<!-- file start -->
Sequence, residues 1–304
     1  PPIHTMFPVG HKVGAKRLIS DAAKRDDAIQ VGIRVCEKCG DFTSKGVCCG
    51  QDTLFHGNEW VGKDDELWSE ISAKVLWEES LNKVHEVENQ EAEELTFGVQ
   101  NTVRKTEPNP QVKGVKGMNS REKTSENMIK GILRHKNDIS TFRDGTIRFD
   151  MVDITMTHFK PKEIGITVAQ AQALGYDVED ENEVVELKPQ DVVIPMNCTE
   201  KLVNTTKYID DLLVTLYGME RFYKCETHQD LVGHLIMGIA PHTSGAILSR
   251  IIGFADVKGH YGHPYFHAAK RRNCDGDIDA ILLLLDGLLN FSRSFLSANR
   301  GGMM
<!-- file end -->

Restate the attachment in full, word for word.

Sequence, residues 1–304
     1  PPIHTMFPVG HKVGAKRLIS DAAKRDDAIQ VGIRVCEKCG DFTSKGVCCG
    51  QDTLFHGNEW VGKDDELWSE ISAKVLWEES LNKVHEVENQ EAEELTFGVQ
   101  NTVRKTEPNP QVKGVKGMNS REKTSENMIK GILRHKNDIS TFRDGTIRFD
   151  MVDITMTHFK PKEIGITVAQ AQALGYDVED ENEVVELKPQ DVVIPMNCTE
   201  KLVNTTKYID DLLVTLYGME RFYKCETHQD LVGHLIMGIA PHTSGAILSR
   251  IIGFADVKGH YGHPYFHAAK RRNCDGDIDA ILLLLDGLLN FSRSFLSANR
   301  GGMM